The fetal heart rate will change during the second trimester, just as it changes throughout the various stages of pregnancy. In fact, the fetal heart rate can change on a moment-by-moment basis, in response to various stimuli or various conditions that can be affecting your baby. While your baby’s heart rate does tend to spike briefly around the age of ten weeks of pregnancy, by the time that the second trimester rolls around, your baby’s heart rate will not change much until after your baby is born.

The fetal heart rate can, typically, be heard at around eight to ten weeks of pregnancy, depending on the mother’s body size and the method used to find the fetal heart rate, whether a transvaginal ultrasound or a Doppler or some other method. At around the tenth week of pregnancy, roughly three weeks before the second trimester begins, the fetal heart rate will peak at around 175 beats per minute. By week fifteen, which is during the very early part of the second trimester, the fetal heart rate will have dropped down to around 140 beats per minute.

It was once thought that the fetal heart rate could predict your baby’s gender. It was thought that, if a baby’s heart rate was under 140 beats per minute that it would be a boy, and that if it was over 140 beats per minute it would be a girl. The theory behind this idea was that, because women usually have a higher metabolic rate than men, that unborn girls would have a slightly higher pulse rate than unborn boys. However, most research does seem to disprove this idea, and demonstrate that there is not necessarily a connection between the fetal heart rate and the gender of your baby.

If you have concerns about your fetal heart rate, you should speak with your health care provider. Your health care provider can help to interpret what a high or a low fetal heart rate might mean, as well as help to figure out if it indicates some sort of a problem that will need to be addressed.

Reviewing the Shettles Method of Gender Selection

The Shettles method of selecting your baby’s gender has been around for about the past twenty-five years. Proponents of the Shettles method suggest that it has proven to be extremely successful. When the Shettles method is used correctly, it is thought to be successful in about three quarters of cases. There has been some research, while not entirely conclusive, that suggests that it may be even more successful than that. These researchers suggest that the Shettles method is closer to 90% successful at selecting your baby’s gender.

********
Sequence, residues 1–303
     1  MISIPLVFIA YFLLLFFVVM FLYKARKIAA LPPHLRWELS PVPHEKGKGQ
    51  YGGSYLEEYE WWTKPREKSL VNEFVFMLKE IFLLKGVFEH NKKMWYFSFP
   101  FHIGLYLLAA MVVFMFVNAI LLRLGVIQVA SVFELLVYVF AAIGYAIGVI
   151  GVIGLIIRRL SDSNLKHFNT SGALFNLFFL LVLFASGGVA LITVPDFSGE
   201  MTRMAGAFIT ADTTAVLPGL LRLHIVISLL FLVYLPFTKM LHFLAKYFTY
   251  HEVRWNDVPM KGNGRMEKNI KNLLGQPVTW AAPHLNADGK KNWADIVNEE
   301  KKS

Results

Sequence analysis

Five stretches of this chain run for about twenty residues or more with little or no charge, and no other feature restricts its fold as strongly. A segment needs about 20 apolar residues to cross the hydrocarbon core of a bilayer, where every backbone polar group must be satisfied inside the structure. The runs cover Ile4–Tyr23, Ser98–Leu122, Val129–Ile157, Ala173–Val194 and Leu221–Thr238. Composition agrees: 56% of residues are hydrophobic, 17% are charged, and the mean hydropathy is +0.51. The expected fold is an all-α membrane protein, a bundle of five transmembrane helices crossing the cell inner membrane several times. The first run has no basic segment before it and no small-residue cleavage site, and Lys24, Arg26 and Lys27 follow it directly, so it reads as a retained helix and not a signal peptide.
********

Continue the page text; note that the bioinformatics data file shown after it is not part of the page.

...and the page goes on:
Having said all of that, it is important to understand what exactly goes into the Shettles method of selecting your baby’s gender. The method has many components that need to be followed in order to be successful. While the hallmark of the Shettles method is most certainly the timing of intercourse in relation to the timing of ovulation, the other components of the Shettles method are important if the method is going to be successful at selecting your baby’s gender.

If, for example, you only follow the intercourse-ovulation timing component of selecting your baby’s gender, you are not going to be as successful if you follow the other components. If you want to have a girl, for example, the Shettles method indicates that penetration must be shallow. Intercourse should be in the missionary position, which will put the sperm closer to the entrance of the vagina, which is a more acidic, and will work against the “boy” sperm. In addition, successfully using the Shettles method to select your baby’s gender means that you should not have an orgasm during intercourse if you want to conceive a girl, as the orgasm may produce a variety of substances that would favor the “boy” sperm.

Ultimately, the Shettles method of selecting your baby’s gender will probably be as successful or even more successful as other methods, apart from an IVF situation where the sperm are actually separated between the “boy” and the “girl” sperm, and then the preferred sperm is used in the IVF procedure.

Morning Sickness and Gender

There are many different ways that people have used, in the past, to try to predict their baby’s gender. From the famous “Drano” test to looking at how your baby is carried, most of these techniques for determining gender, while they may be fun to discuss, aren’t going to necessarily be accurate. The fact of the matter is that any given method of predicting your baby’s gender has a 50% chance of being correct, as there are only two genders to pick from. One of the ways that people have used to try to determine their baby’s gender is to think about their morning sickness.